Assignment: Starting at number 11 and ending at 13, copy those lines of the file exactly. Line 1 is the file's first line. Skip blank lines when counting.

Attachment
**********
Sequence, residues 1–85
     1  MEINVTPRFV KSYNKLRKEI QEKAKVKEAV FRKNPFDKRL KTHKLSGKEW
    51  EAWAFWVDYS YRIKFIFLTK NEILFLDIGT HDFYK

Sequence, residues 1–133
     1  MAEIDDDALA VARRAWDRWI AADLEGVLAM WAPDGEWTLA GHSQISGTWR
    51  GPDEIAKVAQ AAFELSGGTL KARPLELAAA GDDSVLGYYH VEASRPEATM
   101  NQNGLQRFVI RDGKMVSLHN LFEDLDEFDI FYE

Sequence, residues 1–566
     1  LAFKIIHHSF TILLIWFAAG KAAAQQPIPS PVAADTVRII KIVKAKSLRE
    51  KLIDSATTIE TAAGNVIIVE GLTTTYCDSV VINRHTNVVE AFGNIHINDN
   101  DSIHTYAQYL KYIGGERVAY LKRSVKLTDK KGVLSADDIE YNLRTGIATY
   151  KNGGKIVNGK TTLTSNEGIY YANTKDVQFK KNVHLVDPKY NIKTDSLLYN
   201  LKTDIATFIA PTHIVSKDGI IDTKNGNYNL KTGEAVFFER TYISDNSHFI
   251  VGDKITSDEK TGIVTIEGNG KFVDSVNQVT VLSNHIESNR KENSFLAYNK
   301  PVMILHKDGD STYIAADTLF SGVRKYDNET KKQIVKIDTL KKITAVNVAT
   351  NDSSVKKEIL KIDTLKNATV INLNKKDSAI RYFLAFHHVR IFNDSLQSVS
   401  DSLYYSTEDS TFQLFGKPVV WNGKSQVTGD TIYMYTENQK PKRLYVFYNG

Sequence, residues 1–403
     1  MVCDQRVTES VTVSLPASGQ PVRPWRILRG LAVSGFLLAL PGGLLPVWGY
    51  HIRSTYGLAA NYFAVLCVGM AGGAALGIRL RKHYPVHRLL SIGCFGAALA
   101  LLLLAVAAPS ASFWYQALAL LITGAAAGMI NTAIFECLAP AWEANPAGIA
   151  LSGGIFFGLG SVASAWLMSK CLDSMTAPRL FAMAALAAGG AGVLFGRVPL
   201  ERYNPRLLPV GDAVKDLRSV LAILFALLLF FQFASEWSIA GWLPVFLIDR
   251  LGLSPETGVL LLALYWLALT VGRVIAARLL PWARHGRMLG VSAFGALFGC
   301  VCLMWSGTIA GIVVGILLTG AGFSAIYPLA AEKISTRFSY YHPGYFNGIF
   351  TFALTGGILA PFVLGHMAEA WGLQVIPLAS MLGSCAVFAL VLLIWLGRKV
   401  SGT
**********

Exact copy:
   101  DSIHTYAQYL KYIGGERVAY LKRSVKLTDK KGVLSADDIE YNLRTGIATY
   151  KNGGKIVNGK TTLTSNEGIY YANTKDVQFK KNVHLVDPKY NIKTDSLLYN
   201  LKTDIATFIA PTHIVSKDGI IDTKNGNYNL KTGEAVFFER TYISDNSHFI